3. I am satisfied with my life.
  4. So far I have gotten the important things I want in life.
  5. If I could live my life over, I would change almost nothing.
Flow

Flow, total involvement in a challenge, is an altered state of consciousness that produces genuine satisfaction with experiences. It is very enjoyable to be fully absorbed and engaged in such an activity. It does not arise from passivity but from active engagement with life. The specific activity is not so important as the way in which it is performed.

Interpreting life events

“Most people are about as happy as they make up their minds to be.” Abraham Lincoln

One’s interpretation of an event may differ from person to person. While some remain chronically unhappy others are capable of seeing a silver lining in the events of their lives.

Maximization and Regret

Orientation poured goals may be characterized as satisfying or maximizing. A satisfier is content to meet expectations. A maximizer tries to achieve the best result in every situation; they plan were carefully, set higher standards, but may suffer negative emotions when the results do not satisfy their expectations. They are more prone to experiencing regret, unfavorable comparison to others, and reduced life satisfaction. Maximizers also strive to keep their options open, often been less satisfied with the outcome.

Savoring

Contemporary life often promotes feelings of urgency and the desire to multi task. Conversely, the ability to slow down and savor experience adds richness, vividness, and satisfaction to life. Slowing down to “smell the roses” increases happiness.

Gratitude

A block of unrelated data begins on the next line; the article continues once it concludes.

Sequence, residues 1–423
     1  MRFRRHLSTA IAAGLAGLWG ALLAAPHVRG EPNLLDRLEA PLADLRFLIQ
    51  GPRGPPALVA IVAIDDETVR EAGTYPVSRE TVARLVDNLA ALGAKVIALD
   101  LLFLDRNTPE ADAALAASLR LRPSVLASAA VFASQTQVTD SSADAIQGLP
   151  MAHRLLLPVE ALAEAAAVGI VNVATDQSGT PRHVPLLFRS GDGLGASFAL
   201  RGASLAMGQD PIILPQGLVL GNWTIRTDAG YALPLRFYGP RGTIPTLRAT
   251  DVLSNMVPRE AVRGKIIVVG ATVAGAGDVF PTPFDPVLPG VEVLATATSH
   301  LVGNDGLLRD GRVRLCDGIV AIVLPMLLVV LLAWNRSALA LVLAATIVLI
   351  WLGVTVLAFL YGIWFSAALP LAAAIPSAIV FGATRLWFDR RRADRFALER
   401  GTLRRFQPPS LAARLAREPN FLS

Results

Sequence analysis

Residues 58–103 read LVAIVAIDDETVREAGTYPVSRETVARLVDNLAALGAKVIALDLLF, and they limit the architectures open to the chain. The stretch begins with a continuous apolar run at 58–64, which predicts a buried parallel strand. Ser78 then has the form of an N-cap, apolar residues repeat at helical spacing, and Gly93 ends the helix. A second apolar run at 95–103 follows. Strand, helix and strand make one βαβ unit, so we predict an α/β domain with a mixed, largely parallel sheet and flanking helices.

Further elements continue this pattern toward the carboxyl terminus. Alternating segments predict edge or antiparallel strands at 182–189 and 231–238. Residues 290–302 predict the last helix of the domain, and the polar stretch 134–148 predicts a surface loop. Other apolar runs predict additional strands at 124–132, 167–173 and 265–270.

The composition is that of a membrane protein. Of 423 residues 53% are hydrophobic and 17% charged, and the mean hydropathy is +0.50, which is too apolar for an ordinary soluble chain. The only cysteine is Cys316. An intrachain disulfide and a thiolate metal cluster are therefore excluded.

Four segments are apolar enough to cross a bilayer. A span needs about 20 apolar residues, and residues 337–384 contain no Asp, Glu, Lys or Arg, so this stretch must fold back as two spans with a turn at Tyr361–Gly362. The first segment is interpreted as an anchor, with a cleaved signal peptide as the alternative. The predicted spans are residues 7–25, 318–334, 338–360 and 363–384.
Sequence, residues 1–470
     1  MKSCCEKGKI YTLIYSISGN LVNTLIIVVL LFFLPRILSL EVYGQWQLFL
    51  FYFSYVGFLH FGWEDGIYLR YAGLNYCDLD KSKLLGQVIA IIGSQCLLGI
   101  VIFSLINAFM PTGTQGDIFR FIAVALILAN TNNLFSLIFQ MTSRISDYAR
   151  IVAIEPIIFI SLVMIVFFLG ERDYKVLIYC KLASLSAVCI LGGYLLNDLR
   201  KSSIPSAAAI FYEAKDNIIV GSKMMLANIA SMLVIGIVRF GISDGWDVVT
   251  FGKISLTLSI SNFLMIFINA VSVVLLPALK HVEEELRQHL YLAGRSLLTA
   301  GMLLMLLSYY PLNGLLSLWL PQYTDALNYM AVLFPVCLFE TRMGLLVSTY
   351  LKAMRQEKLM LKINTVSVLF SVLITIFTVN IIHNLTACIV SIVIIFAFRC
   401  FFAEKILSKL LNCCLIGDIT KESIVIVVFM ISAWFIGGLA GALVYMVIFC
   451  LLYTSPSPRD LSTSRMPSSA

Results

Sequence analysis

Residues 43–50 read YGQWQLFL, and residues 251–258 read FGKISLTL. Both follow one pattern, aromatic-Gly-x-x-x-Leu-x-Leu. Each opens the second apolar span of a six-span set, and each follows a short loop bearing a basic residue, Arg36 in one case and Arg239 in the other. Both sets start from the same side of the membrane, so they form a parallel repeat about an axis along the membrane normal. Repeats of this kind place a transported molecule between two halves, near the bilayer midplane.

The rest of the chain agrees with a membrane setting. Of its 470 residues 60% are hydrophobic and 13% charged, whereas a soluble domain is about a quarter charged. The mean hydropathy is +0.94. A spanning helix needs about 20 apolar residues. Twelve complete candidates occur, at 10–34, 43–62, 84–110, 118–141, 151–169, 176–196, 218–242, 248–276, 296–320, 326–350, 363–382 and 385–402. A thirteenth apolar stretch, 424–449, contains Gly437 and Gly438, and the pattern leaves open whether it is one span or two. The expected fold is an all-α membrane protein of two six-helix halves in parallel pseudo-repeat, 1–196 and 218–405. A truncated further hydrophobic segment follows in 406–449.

Gratitude extends appreciation for positive outcomes from oneself to a wide range of other contributors. This also increases intrinsic self-esteem and perception of social support. People expressing gratitude avoid taking life events for granted; they are less prone to negative emotions, are more empathetic, and less focused on materialistic goals. They feel happier and present themselves to others as happier.

Jan 262010
 

Source: “Authentic Happiness,” Martin E. P. Seligman, Ph.D., Chapter 3

In 2000, Barbara Fredrickson won the $100,000 Templeton Positive Psychology Prize. Her winning paper, “claims that positive emotions have a grand purpose into evolution. The bride and are abiding intellectual, physical, and social resources, building up reserves we can draw upon when a threat or opportunity presents itself.”

In one experiment, the subject is given gifts, amused, and exposed to positive words. The subject is more likely to respond creatively. In another experiment, the subject is asked to identify related words. The subject is more likely to respond quickly if they have been “jollied up.” In another experiment of four year olds, the happiness environment improved their ability to learn.

Earlier psychological experimenters such as C. S. Pierce, equated cheerfulness with a lack of trouble or lack cognitive capacity to acknowledge and address troubles. In another experiment, depressed people were “sadder but wiser” in their ability to judge their level of control.

Depressed vs. Happy Thinking Skills

There’s also experimental evidence that depressed people are more realistic and accurate judges of their abilities. Less-happy people have more accurate memories of both good and bad events; they are “evenhanded in assessing success and failure.”

All of this evidence might seem to make a case for the benefits of depression. However, Lisa Aspenwell demonstrated situations in which happy people had an edge over more-unhappy individuals in certain types of life situations. An integrated conclusion is: “a positive mood jolts us into an entirely different way of thinking from a negative mood.